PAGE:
Rewards. One perk of credit cards is that you can earn various types of rewards when you use them for payments. Reward types include cash rebates, discounts on partner retailers, earning air miles, which can then be redeemed for free flights or upgrades, as well as reward points which you can exchange for vouchers or goods.
Security. There are a number of security features that come with credit cards that help to make your transactions safe and prevent fraud. All banks require customers to activate their new credit card before they can use it to prevent any intercepted cards being used. Other security features include transaction alerts when your pre-defined limit has been reached and passwords when you use a card to make online purchases.
What are the costs of a credit card?
Repayments. You’re free to repay as much as you like as often as you like. You’re required to make the minimum repayment when your statement is issued. The minimum repayment is usually 1% to 1.5% of your outstanding balance, plus any interest and charges. You will pay a late payment fee if you don’t make the minimum repayment by the statement due date.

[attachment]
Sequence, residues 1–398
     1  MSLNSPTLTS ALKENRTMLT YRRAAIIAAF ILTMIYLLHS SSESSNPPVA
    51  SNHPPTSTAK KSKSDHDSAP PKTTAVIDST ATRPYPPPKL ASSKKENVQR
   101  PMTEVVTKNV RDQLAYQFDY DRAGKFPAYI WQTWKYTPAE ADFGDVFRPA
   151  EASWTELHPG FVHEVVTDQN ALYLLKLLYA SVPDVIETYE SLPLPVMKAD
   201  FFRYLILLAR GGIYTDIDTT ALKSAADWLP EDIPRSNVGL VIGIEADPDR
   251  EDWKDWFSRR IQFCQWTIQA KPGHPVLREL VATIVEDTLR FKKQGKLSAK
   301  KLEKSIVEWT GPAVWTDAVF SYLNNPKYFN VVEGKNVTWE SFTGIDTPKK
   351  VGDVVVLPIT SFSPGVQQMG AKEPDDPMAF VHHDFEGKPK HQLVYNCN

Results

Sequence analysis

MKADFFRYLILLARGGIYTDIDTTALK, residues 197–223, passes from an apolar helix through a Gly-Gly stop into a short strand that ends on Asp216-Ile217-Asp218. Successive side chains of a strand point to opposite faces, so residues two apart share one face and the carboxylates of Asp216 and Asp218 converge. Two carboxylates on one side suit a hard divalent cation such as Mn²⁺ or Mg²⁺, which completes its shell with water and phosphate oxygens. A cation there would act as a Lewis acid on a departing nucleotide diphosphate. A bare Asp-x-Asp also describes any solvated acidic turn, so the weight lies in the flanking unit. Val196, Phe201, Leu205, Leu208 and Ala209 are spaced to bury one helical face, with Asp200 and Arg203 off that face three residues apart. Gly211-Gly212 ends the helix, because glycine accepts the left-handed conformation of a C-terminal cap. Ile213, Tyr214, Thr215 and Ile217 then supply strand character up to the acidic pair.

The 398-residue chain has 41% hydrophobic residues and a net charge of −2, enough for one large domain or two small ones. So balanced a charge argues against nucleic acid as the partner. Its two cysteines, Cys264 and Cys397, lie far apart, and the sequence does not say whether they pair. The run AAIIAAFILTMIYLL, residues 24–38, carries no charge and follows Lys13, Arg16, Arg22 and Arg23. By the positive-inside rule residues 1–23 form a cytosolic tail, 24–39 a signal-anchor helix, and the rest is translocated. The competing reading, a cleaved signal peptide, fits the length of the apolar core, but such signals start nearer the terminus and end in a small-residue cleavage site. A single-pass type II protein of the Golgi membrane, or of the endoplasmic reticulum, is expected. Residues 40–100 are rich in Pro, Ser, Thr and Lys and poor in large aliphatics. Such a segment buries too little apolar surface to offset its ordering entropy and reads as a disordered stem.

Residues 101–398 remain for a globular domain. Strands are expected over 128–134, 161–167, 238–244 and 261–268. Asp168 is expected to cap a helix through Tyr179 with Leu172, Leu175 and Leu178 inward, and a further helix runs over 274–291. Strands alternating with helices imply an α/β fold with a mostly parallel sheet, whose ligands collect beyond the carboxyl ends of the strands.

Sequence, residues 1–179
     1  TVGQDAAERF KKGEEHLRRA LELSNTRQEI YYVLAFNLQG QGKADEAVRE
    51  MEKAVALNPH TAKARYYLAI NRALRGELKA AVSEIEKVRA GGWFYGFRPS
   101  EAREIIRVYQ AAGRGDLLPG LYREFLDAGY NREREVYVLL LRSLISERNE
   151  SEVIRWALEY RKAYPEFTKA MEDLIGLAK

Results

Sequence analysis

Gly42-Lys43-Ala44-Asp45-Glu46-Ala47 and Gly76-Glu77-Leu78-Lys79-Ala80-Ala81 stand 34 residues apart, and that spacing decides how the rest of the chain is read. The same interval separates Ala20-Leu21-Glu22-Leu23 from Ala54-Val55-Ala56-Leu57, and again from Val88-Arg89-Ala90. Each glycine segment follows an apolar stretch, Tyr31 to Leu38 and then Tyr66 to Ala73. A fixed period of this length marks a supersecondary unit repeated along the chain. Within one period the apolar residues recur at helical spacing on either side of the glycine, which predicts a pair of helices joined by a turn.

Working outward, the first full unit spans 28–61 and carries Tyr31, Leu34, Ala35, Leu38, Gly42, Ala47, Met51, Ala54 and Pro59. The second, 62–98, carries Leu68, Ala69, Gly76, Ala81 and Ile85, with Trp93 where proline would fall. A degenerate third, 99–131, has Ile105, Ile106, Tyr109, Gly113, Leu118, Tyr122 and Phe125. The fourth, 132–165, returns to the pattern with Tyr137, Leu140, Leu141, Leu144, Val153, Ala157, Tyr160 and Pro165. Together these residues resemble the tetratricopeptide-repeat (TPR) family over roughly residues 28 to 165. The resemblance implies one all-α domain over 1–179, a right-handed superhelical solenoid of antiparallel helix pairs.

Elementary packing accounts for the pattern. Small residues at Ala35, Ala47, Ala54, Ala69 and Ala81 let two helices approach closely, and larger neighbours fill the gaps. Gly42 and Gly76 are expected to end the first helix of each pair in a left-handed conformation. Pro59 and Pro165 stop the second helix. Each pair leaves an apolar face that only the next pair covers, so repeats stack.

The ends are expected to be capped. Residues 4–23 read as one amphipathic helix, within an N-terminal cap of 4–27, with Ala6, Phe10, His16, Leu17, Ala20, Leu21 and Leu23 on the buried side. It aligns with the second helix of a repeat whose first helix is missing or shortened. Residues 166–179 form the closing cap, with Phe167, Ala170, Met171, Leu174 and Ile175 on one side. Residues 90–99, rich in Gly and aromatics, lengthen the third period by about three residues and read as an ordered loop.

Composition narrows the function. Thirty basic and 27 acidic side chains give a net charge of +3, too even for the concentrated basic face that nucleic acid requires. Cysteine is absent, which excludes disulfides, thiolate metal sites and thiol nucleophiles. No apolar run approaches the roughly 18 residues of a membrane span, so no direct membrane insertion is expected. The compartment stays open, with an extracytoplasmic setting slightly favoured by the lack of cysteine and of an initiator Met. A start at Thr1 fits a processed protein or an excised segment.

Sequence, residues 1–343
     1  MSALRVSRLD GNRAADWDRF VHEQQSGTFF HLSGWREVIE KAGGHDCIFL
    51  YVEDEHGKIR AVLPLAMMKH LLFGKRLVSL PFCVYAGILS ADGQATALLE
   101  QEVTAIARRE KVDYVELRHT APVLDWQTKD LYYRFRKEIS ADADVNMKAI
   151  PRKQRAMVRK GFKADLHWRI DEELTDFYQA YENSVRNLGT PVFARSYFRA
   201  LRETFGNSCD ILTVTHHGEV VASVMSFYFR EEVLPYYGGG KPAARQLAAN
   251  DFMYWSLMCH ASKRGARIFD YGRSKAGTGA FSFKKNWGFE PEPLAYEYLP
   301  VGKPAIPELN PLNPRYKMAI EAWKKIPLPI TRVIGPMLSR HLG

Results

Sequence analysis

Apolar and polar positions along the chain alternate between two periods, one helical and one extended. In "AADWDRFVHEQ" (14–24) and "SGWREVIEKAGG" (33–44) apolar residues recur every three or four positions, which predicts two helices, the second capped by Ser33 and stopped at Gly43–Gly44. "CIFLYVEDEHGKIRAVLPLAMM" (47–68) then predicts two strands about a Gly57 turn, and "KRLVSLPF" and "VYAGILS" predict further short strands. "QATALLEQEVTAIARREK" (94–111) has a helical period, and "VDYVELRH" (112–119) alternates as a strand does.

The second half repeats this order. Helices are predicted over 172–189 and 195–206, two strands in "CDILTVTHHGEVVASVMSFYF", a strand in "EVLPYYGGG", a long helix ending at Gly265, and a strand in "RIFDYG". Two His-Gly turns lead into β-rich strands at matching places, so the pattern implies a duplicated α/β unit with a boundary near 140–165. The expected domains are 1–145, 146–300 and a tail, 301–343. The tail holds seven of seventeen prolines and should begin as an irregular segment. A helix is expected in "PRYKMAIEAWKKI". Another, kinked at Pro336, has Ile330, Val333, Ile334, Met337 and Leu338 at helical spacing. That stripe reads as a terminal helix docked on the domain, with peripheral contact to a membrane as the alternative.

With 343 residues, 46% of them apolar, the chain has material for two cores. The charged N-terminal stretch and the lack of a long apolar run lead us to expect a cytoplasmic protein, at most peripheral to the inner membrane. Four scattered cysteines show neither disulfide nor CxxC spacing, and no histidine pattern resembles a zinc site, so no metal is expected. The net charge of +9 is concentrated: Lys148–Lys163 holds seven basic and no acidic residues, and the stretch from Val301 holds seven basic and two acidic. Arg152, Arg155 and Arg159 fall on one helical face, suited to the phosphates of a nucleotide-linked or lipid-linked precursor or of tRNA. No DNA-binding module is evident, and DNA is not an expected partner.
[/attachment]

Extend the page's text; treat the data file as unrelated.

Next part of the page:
Annual fee. This is the cost to own a credit card. The annual fee ranges from HK$0 to thousands of dollars depending on the credit card type. The credit card annual fee is deducted from your available credit and accrues interest at the purchase rate if it isn’t paid in the first statement period.
Interest rates. No interest charges are levied on your purchases if you pay off the card balance within the interest-free period. Beyond that, credit cards in Hong Kong typically charge an interest rate of 35%-40% per annum on your card balances. As the interest is compounded and charged on a daily basis, it can accumulate quickly if you keep rolling over your balances from month to month.
Other fees. Other fees you may run into include late payment fees, over-the-limit fees (a fee for spending past your credit limit), foreign currency transaction fees and cash advance fees.
Credit card application tips
While applying for a credit card doesn’t have to be complicated, it can come with certain risks.
Assess your needs. Before you begin your search, spend some time considering what you want, need and can afford with your next credit card.